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Neurology. 2004 Oct 26;63(8):1457-61.

Subependymal giant cell tumors in tuberous sclerosis complex.

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  • 1Massachusetts General Hospital, Department of Neurology, Boston, MA 02114-3117, USA.



To describe the clinical presentations, radiologic features, and postoperative outcomes of a clinic-based population of patients with subependymal giant cell tumors (SGCT) and tuberous sclerosis complex (TSC) and to redefine and reclassify SGCT based on radiologic, clinical, and pathologic criteria.


Of 134 TSC patients evaluated from December 2001 to November 2003, 11 (8.2%) had undergone resection of a pathologically confirmed SGCT. The authors reviewed the medical records of each case. Follow-up ranged from 2 months to 36 years.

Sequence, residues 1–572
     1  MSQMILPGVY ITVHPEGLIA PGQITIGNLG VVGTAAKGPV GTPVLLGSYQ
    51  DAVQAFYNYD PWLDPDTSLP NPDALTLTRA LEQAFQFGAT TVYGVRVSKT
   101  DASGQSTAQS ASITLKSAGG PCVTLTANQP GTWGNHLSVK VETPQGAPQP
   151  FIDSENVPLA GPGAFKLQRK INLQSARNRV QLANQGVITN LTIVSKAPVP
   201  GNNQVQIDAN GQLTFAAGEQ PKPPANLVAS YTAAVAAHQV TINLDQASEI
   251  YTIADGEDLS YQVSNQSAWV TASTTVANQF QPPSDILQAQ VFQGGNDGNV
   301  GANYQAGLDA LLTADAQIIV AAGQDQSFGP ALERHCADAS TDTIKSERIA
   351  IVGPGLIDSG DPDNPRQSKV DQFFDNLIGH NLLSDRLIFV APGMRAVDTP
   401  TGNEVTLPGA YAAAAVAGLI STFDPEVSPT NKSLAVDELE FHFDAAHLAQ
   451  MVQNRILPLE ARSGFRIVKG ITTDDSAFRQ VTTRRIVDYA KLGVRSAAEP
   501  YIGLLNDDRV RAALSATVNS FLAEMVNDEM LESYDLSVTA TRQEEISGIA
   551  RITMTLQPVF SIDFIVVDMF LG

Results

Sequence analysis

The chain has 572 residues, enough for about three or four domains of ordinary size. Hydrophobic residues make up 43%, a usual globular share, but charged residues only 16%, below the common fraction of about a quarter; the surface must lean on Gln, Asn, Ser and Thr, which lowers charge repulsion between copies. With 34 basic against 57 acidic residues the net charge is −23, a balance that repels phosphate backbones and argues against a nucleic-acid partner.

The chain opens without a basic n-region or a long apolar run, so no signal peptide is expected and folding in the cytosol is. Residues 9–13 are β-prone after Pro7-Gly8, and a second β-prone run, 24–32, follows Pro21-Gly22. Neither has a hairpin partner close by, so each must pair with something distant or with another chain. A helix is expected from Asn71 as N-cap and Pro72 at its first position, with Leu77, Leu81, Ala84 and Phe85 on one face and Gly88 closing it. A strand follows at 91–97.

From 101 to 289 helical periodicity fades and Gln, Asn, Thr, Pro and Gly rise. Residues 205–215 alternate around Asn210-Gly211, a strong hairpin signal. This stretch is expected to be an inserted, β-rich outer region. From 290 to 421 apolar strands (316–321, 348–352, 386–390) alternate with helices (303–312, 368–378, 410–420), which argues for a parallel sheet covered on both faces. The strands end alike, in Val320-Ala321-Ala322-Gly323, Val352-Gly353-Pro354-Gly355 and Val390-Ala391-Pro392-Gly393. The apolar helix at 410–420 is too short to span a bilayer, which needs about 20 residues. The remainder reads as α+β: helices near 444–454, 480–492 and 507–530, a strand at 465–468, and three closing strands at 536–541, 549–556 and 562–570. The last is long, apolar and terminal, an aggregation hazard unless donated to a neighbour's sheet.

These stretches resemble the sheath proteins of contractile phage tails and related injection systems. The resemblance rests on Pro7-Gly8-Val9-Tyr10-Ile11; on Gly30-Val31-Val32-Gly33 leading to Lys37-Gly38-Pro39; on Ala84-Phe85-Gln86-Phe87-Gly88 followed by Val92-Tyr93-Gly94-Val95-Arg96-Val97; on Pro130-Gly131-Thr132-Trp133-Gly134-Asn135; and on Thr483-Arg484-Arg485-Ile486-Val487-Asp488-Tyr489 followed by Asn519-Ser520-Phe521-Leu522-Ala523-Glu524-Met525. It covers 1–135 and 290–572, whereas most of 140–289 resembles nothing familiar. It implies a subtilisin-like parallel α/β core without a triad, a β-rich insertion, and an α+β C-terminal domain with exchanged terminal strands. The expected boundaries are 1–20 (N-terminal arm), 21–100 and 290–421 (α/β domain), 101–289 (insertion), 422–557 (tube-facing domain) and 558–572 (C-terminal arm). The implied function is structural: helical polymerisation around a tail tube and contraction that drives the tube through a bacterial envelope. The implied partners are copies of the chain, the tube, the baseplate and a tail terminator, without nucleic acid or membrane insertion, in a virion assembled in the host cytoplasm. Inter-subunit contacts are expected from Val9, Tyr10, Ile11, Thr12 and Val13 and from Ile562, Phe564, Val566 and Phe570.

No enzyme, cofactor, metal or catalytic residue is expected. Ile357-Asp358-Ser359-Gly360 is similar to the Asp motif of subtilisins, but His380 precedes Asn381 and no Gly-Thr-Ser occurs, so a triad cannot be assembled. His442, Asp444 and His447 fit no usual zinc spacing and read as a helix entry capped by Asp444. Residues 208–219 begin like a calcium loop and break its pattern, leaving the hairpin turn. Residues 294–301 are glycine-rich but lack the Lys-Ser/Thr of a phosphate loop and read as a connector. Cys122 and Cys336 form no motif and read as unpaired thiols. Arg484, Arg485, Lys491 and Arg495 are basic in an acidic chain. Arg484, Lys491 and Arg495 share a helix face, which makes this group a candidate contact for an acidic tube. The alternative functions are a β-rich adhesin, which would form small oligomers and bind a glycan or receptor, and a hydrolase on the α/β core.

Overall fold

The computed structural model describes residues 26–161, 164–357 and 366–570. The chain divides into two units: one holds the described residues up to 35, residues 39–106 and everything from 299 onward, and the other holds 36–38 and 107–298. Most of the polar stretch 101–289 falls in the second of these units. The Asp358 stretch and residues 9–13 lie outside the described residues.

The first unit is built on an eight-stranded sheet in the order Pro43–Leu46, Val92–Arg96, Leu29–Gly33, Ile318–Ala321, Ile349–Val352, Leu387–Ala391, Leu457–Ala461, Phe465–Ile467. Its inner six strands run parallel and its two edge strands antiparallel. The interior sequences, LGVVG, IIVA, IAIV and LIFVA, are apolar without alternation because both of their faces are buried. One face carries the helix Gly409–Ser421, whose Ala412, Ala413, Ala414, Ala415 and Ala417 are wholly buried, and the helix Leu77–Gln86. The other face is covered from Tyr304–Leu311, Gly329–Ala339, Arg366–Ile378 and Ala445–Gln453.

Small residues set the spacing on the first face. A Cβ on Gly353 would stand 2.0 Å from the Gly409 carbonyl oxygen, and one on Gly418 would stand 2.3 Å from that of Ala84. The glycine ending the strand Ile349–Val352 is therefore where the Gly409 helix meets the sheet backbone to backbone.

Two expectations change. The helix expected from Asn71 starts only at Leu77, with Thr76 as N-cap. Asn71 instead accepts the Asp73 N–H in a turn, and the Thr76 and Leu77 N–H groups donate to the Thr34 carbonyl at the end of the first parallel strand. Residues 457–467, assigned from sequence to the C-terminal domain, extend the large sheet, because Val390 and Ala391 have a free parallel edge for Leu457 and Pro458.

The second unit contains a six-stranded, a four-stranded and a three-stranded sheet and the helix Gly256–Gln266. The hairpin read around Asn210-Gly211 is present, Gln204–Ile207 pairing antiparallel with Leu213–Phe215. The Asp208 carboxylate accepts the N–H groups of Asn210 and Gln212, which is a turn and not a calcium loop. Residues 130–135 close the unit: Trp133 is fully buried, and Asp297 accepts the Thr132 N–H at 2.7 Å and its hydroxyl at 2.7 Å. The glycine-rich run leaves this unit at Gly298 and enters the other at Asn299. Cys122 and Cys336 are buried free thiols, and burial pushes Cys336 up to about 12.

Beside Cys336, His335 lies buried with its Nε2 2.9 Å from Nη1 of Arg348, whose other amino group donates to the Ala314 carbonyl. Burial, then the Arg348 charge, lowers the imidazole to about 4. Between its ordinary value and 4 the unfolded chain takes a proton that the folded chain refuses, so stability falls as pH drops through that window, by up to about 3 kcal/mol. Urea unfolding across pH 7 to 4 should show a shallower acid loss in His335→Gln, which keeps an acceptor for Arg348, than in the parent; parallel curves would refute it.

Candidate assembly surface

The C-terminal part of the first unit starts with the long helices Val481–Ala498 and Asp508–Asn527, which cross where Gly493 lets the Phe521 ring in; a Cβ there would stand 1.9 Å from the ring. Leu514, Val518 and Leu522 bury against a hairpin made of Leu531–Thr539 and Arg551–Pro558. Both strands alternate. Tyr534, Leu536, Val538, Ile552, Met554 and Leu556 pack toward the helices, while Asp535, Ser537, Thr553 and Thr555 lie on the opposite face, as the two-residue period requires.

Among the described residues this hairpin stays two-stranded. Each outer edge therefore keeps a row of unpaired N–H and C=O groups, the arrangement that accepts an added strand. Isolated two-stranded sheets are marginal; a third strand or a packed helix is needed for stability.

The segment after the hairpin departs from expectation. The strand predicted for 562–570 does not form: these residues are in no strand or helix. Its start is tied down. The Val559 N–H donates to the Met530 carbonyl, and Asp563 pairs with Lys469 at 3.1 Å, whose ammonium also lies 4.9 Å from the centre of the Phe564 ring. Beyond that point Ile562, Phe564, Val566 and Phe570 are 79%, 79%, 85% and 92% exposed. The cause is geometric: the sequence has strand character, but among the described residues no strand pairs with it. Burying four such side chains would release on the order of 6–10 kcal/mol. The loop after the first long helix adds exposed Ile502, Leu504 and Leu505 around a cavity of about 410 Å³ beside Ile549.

Four were asymptomatic at the time of resection while the other seven presented subacutely with fatigue, decreased appetite, headache, increased seizure frequency, visual field deficit, cognitive decline, or behavioral problems. Poor outcomes occurred in all patients aged 11 years or older at the time of resection.


Subependymal giant cell tumors in patients with TSC appear to be of mixed glioneuronal lineage, and, therefore, the current practice of classifying these tumors as astrocytomas merits revision. The clinical diagnosis of SGCT should be made for subependymal lesions in TSC that are associated with symptoms, papilledema, or radiologic evidence of hydrocephalus or interval growth. A diagnosis of probable SGCT should be made when a lesion has the potential to cause obstruction based on size or location. Annual screening by MRI with or without contrast is indicated until at least 21 years of age even if subependymal nodules are absent on initial imaging. A diagnosis of SGCT or probable SGCT warrants more frequent monitoring or surgical intervention.

[PubMed - indexed for MEDLINE]
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